#12: Nailing the intro

lessons in journalismThe intro is the first paragraph in a news story and as a consequence of that it comes before all the others and is therefore very important.

The aim of this lesson is to have you writing much better intros than that.

In the golden days, cadets were taught that the intro should be a who, what, where, when and maybe why summary of the yarn that unfolds under it. Another useful technique passed down by elder hacks was to think of your intro as a short telegram you’d send to flag the story.

Younger readers may like to take the time after reading this story to use their favoured internet search engine to find out what a telegram is, or was.

But right now, let’s go straight into an example – and a timely one at that.

Man set foot on the moon for the very first time at 12.50pm Australian time today.

Nice little active intro. Nothing special but got it done, right?

See how we didn’t use the passive: The moon was stood on for the first time by man at 12.50pm Australian time today.

And that’s because the man is more important than the moon he is in .. err… or on. And we’ll worry about “is” and “was” and “was” and “has been” some other time.

Let’s look at this one.

A large white shark ate a surfer off Bondi Beach at dawn today.

At first glance, perfectly okay, right?

Except that in this case, the human being – the surfer – is more important that the shark. The human is, after all, at the very apex of the world’s food chain, although obviously not in this unfortunate case. So the correct intro you’d find in any reputable newspaper or even the Daily Telegraph would be:

A surfer was attacked and killed by a large white shark off Bondi Beach at dawn today.

These are, of course, print-media intros. If you were filing for ABC radio, you would use:

Off Bondi Beach at dawn this morning with a relatively clear sky and a light breeze, a surfer was attacked and killed by a large white shark.

Why is this done? It’s simple astrophysics, really. When reading a paper, the words can be taken in at the speed of light more or less. The sound of speed is much less, which is why the listener really doesn’t get to connect with the story for quite a few seconds.

Hence, the top ABC scribe uses unimportant words as a lead-in before getting to the guts of the yarn.  That’s why they’d use, for example:

In the Magistrates Court this morning in the city centre, a defendant on a shoplifting charge detonated a suicide bomb vest, killing himself and 12 other people.

So there you have it: the who, what, where, when and maybe why that will get you through.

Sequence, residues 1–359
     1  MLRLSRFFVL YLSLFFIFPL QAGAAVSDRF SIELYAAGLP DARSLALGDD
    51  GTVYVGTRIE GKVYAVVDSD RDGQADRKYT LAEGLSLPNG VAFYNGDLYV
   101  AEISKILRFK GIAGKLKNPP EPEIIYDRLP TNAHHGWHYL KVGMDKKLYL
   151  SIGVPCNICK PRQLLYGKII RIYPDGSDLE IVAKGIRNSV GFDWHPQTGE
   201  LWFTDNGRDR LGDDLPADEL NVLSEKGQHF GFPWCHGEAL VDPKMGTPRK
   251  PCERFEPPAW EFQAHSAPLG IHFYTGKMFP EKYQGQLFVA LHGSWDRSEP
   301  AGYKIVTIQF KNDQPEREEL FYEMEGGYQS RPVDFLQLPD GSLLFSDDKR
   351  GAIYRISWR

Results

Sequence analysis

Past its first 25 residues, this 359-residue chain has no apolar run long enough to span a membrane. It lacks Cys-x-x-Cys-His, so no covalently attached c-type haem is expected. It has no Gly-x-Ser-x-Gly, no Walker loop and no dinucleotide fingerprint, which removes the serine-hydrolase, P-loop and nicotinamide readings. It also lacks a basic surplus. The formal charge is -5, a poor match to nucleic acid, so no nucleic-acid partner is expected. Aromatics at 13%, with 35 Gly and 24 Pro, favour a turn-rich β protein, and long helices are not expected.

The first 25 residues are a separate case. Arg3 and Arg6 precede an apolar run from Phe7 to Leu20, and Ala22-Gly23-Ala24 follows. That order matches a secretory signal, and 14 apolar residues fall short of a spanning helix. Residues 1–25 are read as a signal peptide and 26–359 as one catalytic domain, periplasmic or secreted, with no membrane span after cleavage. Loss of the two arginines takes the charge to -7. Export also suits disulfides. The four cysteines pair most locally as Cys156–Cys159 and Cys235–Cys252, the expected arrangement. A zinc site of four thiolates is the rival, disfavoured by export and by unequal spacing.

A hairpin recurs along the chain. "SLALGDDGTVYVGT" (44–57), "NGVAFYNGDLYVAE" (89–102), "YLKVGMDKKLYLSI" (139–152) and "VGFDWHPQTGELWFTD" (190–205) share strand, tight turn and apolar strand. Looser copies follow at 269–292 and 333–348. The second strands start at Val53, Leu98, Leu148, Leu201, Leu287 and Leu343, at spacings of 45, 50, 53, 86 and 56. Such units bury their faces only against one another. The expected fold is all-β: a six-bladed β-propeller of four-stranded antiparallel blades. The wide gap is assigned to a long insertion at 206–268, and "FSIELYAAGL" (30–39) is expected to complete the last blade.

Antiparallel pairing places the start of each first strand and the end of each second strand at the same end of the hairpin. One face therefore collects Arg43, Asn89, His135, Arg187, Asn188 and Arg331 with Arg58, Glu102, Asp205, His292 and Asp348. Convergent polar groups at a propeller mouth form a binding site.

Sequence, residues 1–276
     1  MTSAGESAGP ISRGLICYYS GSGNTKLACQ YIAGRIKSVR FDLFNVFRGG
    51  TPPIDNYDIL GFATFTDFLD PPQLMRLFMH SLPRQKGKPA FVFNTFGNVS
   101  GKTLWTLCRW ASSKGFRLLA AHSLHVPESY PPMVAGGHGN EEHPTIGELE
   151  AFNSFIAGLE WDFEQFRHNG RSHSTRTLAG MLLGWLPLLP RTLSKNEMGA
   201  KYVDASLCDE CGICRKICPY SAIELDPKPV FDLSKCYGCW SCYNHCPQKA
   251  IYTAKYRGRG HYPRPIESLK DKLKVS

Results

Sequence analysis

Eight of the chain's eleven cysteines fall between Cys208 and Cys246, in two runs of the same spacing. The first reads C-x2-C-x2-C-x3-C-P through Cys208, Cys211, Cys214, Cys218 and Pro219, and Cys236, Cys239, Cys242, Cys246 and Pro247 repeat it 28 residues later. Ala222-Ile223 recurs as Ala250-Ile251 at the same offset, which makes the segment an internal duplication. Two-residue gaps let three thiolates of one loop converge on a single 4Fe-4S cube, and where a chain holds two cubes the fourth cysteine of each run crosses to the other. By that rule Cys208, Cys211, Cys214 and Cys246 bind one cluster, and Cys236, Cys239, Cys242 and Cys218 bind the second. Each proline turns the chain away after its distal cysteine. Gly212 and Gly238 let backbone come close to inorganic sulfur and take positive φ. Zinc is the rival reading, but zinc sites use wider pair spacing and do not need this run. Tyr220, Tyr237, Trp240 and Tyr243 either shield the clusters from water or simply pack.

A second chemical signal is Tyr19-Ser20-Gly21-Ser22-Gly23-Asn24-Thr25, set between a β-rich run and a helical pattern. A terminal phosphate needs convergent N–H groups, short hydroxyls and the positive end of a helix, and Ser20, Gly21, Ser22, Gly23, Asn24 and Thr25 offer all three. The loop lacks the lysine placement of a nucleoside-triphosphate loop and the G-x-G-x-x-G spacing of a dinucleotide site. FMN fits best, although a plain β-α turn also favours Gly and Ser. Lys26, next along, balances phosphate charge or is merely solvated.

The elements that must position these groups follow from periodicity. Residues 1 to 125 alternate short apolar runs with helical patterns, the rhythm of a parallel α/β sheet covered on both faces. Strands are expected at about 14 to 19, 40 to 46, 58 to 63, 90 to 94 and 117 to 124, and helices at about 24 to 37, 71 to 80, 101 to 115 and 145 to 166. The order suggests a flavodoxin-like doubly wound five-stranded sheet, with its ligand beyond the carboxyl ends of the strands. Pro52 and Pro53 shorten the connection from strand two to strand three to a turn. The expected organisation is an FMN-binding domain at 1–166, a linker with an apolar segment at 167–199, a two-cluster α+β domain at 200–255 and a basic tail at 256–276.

Except if you write for a television news service, where hyperbole must also be applied to that intro whenever possible. It’s for that reason we have:

A fatal shark attack off Bondi Beach this morning has swimmers right around Australia afraid to enter the water.


The royal wedding overnight of Prince Harry and Megan Markle had the entire world watching on spellbound and enchanted by the lovely couple.

Total tosh, of course, given half the world’s population – in China and India alone – wouldn’t have even known the blessed event was happening due to a lack of TV, radio, etc,  and couldn’t care less even if they did.

The Bug particularly liked one pretty young thing on Channel 9 Sydney the other night whose report began with a suburban house being ripped apart by an explosion and being “blown off the face of the earth”.

It might have been reduced to oversized kindling, but the house was still there for all to see – in fact there was surprisingly little of it even on the street – but our guess is that this tyro saw or heard “blown off the face of the earth” somewhere, sometime and simply had been dying to try it on for size. Or she couldn’t spell smithereens – not that she had to know how to do that as she works in the electronic medicore.

We then have intros that try too hard and end up being silly or confusing.

An age ago, a very good police roundsman had a brain-fade and began a yarn with a Townsville man lying dead on the floor of his home, unaware that he had just won a large contract that would have turned his life around.

Of course, this poor bastard was unaware of quite a lot of things at the time, including that flies that were staring to lay eggs in his various orifices.

Not quite as bad but still worth a chuckle is one the Australian Financial Review‘s Brisbane bureau chief Mark Ludlow used the other day:

Hutchinson Builders chairman Scott Hutchinson never quite got over the closure of Brisbane’s premier music venue, Festival Hall, in 2003. The self-proclaimed music tragic says he simply doesn’t have any other hobbies.

You really do feel just a little sad for anyone whose only hobby is never quite getting over the closure of Festival Hall.

The Bug hopes that with this brief lesson, you’d now be capable of tidying up that intro in a flash, just switching a few phrases around to make it crystal clear and not vulnerable to being used by some pedantic, cynical, old, has-been hack journo out to make a point.